Tuesday, July 5, 2016

Book Review: Princess Academy Series

Princess Academy by Shannon Hale

Recommended for: Ages 10 to Adult

Rating: PG

Miri lives on a mountain where, for generations, her ancestors have lived a simple life. Then word comes that the king's priests have divined her village the home of the future princess. In a year's time, the prince will choose his bride from among the village girls.

The king's ministers set up an academy on the mountain, and every teenage girl must attend and learn how to become a princess. Soon Miri finds herself confronted with a harsh academy mistress, bitter competition among the girls, and her own conflicting desires. Winning the contest could give her everything she ever wanted-but it would mean leaving her home and family behind.

It wasn't exactly what I was expecting, but it was very, very good. I'd been reading it on my Saturday lunch break for several weeks, but I had to bring it home  to finish it. So good. So much about what education can really do, deep relationships, real characters, and the quarry speak is pretty cool. 

Coming down from the mountain to a new life in the city is a thrill to Miri. She and her princess academy friends have come to Asland to help the future princess Britta prepare for her wedding. There, Miri also has a chance to attend school – at the prestigious Queen's Castle.

But as Miri befriends sophisticated and exciting students, she also learns that they have some frightening plans for a revolution. Torn between loyalty to the princess and her new friends' ideas, between an old love and a new crush, and between her small mountain home and the bustling city, Miri looks to find her own way in this new place.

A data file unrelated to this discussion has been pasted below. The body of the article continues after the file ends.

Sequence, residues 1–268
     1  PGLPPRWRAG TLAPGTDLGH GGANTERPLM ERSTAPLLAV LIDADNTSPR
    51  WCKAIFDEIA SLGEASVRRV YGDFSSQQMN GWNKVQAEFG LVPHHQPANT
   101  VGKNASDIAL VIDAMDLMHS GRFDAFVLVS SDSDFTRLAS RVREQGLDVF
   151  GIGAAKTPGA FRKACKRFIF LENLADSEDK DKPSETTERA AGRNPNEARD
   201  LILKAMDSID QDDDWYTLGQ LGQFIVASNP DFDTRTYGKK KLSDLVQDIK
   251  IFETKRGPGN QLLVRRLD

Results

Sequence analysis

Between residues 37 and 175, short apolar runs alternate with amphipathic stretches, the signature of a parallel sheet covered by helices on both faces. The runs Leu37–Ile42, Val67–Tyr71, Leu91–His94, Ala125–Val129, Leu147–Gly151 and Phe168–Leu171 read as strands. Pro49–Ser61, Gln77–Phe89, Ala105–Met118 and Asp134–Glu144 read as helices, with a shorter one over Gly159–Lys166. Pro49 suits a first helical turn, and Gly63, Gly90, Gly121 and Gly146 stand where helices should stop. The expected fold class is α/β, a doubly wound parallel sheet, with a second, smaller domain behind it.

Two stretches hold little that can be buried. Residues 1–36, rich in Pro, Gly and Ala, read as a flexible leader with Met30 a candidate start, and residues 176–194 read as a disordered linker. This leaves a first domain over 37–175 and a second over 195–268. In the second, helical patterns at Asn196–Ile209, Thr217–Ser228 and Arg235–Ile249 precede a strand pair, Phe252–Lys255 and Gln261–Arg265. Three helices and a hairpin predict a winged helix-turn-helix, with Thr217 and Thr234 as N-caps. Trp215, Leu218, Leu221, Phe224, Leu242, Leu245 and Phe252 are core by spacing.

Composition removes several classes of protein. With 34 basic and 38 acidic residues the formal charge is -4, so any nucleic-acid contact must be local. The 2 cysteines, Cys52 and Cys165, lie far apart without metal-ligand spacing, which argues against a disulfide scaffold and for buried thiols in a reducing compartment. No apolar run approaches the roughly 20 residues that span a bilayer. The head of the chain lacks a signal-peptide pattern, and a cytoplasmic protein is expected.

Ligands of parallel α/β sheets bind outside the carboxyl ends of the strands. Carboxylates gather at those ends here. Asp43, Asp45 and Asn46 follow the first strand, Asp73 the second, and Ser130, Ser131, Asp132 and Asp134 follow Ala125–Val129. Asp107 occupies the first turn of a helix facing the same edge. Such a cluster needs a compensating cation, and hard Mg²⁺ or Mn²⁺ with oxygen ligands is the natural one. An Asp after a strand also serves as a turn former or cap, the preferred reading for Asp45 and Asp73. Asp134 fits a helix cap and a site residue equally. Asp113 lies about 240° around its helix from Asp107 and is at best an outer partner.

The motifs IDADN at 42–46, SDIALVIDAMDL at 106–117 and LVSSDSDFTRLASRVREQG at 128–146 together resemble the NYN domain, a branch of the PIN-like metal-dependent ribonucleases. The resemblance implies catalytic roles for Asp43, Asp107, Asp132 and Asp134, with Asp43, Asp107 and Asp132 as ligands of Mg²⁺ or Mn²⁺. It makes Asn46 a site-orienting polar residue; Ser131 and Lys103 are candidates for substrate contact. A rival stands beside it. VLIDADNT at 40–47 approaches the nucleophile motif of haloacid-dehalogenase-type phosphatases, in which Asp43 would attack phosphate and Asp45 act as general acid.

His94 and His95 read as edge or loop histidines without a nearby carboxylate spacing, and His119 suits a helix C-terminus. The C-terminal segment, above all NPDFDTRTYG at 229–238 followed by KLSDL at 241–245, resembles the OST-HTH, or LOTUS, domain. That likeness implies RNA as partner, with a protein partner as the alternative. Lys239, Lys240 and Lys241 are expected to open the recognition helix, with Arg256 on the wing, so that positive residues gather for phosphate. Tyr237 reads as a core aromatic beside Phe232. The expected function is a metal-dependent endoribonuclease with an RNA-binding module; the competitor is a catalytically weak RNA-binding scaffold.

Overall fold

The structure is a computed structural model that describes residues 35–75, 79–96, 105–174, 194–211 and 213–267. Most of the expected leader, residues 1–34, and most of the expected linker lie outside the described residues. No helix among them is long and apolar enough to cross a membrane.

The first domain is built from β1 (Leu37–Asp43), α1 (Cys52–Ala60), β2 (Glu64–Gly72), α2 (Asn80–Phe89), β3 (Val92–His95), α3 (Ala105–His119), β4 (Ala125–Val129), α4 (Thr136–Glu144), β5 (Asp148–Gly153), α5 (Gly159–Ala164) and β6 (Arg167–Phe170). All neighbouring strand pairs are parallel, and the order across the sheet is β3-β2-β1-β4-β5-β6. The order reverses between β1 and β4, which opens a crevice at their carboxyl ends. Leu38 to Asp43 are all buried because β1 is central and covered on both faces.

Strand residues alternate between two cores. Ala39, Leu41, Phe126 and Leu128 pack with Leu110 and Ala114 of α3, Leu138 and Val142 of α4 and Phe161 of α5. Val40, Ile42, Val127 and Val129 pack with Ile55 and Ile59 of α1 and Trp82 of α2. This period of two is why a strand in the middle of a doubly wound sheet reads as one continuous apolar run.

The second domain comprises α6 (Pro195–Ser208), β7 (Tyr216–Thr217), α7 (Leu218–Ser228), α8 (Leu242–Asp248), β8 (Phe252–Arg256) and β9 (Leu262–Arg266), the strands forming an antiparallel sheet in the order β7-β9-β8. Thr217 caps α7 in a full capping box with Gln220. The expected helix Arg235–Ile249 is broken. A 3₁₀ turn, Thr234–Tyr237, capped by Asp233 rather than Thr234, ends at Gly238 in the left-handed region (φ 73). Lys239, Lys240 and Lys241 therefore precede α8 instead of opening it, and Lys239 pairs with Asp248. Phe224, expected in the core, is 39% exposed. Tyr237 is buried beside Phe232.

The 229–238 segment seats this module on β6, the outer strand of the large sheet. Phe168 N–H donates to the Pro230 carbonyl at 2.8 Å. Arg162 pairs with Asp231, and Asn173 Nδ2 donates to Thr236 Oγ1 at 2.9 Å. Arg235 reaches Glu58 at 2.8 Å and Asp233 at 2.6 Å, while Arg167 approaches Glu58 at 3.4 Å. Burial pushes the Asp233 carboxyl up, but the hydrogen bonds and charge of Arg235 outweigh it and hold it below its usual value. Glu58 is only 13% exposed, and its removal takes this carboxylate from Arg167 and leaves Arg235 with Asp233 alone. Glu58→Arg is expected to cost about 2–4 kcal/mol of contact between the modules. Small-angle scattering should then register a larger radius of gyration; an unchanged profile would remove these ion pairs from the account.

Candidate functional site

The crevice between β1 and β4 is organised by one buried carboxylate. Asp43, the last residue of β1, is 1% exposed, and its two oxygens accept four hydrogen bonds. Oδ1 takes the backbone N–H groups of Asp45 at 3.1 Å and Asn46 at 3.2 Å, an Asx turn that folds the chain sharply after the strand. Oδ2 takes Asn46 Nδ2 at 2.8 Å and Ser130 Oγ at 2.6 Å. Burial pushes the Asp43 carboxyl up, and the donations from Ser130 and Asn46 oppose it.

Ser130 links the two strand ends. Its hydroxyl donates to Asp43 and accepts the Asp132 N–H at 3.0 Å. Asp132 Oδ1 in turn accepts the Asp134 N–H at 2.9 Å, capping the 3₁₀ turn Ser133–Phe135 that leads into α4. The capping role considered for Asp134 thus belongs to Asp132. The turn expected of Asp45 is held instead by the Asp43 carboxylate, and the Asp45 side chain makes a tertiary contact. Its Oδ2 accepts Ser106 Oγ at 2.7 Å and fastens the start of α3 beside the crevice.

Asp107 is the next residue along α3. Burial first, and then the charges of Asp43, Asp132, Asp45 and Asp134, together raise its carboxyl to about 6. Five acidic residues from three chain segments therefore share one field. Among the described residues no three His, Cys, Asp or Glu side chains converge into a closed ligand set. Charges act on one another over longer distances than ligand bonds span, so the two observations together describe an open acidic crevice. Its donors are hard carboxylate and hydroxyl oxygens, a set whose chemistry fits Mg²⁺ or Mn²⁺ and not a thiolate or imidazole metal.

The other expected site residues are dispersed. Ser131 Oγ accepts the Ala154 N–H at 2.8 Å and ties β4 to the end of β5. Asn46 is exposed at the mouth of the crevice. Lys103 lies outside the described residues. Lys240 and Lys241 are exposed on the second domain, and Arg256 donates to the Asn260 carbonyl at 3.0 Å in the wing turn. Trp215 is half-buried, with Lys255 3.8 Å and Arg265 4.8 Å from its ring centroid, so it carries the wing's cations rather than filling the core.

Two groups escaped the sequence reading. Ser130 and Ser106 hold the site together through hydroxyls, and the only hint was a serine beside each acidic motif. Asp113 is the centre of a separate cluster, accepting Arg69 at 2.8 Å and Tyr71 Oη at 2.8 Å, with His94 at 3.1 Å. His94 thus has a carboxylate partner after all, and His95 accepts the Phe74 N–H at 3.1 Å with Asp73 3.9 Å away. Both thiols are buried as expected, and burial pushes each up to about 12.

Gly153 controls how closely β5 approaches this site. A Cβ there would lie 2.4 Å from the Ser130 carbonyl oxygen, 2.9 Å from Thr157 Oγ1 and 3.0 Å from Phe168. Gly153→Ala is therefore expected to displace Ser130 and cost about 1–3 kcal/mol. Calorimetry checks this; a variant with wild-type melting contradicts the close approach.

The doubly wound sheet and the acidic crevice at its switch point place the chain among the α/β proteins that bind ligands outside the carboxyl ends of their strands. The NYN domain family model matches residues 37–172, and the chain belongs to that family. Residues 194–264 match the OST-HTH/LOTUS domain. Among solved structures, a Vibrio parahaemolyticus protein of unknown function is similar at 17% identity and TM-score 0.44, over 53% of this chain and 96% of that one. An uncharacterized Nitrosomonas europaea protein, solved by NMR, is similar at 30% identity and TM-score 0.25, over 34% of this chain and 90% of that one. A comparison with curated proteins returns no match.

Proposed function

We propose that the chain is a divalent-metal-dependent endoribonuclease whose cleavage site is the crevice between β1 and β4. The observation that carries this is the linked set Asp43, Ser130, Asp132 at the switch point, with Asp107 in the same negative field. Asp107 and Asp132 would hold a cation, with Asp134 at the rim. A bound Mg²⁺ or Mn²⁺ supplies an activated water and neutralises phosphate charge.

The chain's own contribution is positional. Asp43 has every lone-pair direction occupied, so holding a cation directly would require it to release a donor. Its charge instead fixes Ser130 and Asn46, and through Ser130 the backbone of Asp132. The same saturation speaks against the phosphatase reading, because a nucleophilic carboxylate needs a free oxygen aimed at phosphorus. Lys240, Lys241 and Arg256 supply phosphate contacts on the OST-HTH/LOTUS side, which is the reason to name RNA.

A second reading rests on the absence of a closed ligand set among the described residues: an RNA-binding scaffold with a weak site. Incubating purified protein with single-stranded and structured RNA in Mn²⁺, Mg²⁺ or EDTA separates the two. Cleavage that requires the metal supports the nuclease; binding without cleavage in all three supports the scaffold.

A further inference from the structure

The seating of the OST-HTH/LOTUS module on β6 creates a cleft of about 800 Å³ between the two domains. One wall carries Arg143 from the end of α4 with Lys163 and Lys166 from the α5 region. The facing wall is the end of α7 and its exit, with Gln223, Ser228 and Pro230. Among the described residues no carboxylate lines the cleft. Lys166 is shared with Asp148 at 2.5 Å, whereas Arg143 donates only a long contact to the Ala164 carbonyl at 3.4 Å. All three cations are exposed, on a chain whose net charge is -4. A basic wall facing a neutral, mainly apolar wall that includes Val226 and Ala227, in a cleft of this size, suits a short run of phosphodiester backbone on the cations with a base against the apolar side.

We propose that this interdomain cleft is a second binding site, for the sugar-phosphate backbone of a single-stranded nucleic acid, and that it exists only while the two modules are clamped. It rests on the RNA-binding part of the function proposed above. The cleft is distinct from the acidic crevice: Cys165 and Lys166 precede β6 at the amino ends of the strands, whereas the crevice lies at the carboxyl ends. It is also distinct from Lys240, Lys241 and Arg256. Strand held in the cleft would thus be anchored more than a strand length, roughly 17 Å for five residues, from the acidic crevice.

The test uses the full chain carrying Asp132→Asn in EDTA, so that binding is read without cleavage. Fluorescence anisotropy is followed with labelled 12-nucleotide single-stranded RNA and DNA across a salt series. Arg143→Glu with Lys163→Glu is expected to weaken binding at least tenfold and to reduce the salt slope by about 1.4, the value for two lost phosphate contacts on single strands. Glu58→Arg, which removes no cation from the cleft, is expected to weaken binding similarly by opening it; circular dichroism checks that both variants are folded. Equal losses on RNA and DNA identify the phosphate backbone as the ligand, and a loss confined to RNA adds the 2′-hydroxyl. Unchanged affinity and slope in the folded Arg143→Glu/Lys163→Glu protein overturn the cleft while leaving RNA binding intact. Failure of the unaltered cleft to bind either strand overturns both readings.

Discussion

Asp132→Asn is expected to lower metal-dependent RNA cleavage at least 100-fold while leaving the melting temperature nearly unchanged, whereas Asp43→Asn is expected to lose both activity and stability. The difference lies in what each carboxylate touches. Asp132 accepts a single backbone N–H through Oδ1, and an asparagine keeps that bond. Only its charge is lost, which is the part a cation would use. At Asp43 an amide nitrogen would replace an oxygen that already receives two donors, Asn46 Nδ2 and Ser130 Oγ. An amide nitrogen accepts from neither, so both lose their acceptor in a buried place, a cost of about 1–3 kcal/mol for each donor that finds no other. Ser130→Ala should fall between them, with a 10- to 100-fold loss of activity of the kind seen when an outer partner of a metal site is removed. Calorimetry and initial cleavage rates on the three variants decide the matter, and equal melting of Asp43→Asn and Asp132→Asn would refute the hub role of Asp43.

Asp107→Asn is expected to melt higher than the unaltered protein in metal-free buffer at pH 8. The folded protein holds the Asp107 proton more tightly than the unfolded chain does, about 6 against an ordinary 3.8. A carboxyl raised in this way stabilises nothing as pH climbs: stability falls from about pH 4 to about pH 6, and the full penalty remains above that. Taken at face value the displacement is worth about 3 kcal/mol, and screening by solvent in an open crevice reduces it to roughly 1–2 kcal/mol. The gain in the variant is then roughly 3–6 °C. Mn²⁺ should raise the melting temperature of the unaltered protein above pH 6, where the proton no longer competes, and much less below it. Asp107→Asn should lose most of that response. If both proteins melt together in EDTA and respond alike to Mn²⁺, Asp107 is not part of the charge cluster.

Oh my goodness, words cannot express how much I loved this book. The Princess Academy books are never what I expect, they are so much better. I intended to leave this as a lunch break book, but I just had to bring it home and finish it. This book. It's just so deep. I love deep. All the Ethics questions Miri ponders, the politics, the French Revolution-type conflict, the uncertainty of her relationship with Peder...there's just so much I love, that I can relate to, that made me think. So, so good. 

 After a year at the king's palace, Miri has learned all about being a proper princess. But the tables turn when the student must become the teacher!

Instead of returning to her beloved Mount Eskel, Miri is ordered to journey to a distant swamp and start a princess academy for three sisters, cousins of the royal family. Unfortunately, Astrid, Felissa, and Sus are more interested in hunting and fishing than becoming princesses.

As Miri spends more time with the sisters, she realizes the king and queen's interest in them hides a long-buried secret. She must rely on her own strength and intelligence to unravel the mystery, protect the girls, complete her assignment, and finally make her way home.

 The second book is still my favorite, but I loved this one nevertheless. In a way, it brings the series full circle as Miri the Princess Academy student becomes the teacher of a mini Princess Academy. But it is so much more than that. Political unrest is not yet over, and relations between Danland and Stora are, well, not pretty. I do caution you not to peek at the end. I did before I even read Palace of Stone--solely to see if Miri and Peder got together--and accidentally got a spoiler that ruined a lot of the suspense. But it still managed to surprise me a bit even so. Miri and Peder are still fantastic, the sisters are great, things are concluded well, and I love it to pieces. I must have my own copy.

This series is highly recommended. Clean and kid appropriate, yet so deep. Wonderful stories.

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